Battling Hollyhock Rust!

“The last few years my hollyhocks get yellow spots on the leaves. They are mustard colored. What is causing it?

V Clarkin”


Hi V,

Thanks for your question regarding your hollyhocks. Sounds like you have Hollyhock Rust!

Hollyhock Rust

Hollyhock Rust often occurs on the underside of the leaves and looks like someone peppered the plants with dry mustard.  As the fungal rust develops, the upper side of the leaf will have beige to yellow blotches on it.  If left untreated, the entire plant will become infected, with the leaves dropping, the stem becoming spongy, and the plant eventually dying.

If you believe in using chemicals to control disease, you can douse the plants in an all-purpose systemic action fungicide every two weeks from early spring through the end of the season.  Keep in mind that these types of fungicides will affect the pollen and nectar of the plant and poison bees that visit the flowers.

If you wish to treat it organically, you should remove the leaves as soon as they become infected.  When late fall/winter comes and the plant has died back, remove all debris from the plant — if left behind, it will infect your plants next year.  If you have other Mallow family members in your garden (Hibiscus, Marshmallow, Lavatera, Common Mallow, and Mallow family weeds), remove the plant debris from these too as they will also harbor the fungal spores through winter.  Put this debris in a garbage bag and send it to the dump or burn it.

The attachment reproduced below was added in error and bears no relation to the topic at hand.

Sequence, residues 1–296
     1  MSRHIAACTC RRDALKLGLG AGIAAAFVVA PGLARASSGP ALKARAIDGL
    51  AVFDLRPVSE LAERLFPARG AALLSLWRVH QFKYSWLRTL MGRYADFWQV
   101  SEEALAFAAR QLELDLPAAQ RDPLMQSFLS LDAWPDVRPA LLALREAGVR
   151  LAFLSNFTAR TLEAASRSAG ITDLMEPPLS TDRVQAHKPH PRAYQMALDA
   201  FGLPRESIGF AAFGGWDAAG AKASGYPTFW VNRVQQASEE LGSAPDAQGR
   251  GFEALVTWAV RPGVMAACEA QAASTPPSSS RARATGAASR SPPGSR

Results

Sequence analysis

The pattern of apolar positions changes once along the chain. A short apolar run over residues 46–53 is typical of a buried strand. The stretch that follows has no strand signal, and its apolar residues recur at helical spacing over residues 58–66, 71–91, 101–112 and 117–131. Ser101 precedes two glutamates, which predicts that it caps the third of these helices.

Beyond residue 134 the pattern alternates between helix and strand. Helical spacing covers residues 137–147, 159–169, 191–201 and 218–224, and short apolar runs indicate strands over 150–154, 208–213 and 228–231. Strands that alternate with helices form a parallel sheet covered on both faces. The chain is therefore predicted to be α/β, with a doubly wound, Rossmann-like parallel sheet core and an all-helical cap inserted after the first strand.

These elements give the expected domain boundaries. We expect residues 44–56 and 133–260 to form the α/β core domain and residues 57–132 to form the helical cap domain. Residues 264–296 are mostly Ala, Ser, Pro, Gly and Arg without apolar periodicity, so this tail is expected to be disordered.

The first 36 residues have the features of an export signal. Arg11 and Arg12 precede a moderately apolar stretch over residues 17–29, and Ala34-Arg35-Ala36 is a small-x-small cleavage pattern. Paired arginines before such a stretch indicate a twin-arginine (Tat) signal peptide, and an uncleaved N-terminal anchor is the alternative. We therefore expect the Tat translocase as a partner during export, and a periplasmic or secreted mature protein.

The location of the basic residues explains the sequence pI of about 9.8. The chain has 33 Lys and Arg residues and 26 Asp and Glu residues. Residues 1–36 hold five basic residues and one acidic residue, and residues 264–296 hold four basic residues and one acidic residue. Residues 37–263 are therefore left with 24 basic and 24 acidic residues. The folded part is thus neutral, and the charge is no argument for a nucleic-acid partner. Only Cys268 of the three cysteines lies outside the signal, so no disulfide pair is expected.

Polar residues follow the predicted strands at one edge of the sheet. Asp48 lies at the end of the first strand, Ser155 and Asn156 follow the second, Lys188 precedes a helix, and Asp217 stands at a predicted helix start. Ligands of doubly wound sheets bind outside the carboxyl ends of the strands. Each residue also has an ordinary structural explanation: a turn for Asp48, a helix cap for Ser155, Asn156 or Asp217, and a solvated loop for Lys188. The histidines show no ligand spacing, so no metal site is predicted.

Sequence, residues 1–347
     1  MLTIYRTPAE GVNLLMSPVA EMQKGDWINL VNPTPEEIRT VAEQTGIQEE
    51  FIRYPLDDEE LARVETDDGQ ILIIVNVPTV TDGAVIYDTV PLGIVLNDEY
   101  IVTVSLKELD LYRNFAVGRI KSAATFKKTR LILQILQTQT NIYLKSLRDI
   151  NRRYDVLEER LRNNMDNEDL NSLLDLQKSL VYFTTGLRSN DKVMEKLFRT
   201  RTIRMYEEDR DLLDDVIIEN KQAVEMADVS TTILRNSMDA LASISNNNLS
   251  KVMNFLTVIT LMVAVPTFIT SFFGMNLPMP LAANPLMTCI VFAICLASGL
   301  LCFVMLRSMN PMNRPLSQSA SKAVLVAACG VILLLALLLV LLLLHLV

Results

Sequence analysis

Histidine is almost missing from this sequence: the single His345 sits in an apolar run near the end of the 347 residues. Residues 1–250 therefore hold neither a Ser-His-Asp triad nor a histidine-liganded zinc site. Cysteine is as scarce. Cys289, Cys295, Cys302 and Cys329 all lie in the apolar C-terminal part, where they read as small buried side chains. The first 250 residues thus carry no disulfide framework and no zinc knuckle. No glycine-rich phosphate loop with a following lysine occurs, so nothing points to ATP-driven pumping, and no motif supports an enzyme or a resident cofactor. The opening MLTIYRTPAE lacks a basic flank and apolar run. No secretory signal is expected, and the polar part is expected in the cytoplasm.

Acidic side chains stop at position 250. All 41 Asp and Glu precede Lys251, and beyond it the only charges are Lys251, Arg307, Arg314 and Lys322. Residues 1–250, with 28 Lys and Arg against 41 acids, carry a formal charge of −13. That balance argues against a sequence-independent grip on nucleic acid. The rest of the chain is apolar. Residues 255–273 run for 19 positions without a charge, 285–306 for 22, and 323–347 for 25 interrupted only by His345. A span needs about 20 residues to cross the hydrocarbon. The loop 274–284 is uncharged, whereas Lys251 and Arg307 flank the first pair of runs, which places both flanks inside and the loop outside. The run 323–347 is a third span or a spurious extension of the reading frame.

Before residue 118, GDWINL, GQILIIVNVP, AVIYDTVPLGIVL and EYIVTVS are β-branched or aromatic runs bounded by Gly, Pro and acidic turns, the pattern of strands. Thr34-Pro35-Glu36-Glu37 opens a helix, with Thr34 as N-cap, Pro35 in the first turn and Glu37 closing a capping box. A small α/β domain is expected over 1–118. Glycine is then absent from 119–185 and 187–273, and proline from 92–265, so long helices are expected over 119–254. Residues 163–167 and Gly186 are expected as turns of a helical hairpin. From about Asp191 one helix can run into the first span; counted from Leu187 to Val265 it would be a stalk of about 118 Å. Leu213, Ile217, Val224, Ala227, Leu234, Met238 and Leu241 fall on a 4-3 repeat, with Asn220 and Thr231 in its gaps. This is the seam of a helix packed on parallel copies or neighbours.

I hope this information helps you out. If you have any other questions, please feel free to ask.



© Mertie Mae Botanics LLC and Horticulture Talk!, 2014. Unauthorized use and/or duplication of this material without express and written permission from this blog’s author and/or owner is strictly prohibited. Excerpts and links may be used, provided that full and clear credit is given to Mertie Mae Botanics LLC and Horticulture Talk! with appropriate and specific direction to the original content.


One thought on “Battling Hollyhock Rust!

  1. I know a lot of people say that bees are not killed by systemics, but it is true. I used to work at a farm that grew pumpkins and squashes that were treated with systemics throughout the seasons. The bees would start to come in as soon as the plants began to flower and would be dead soon after. The guy I worked for said it was just that they were old bees. I guess only old bees visited the patch. If the bees die from it, you know it is in the squash and pumpkins too. These days so many people have cancer, autism, etc. Makes you wonder if some of it is due to the pesticides that are on our food or inside it from the growing process. I will be following the organic method you mentioned. First was worried that you were going to tell me to spray them but then was glad to read further and see the organic method. Thank you for answering the question. I really like your blog and always find good articles on it so thought it’d be great to see if you could help me out too. Thanks for your help and hope you have a good 2014 gardening year.

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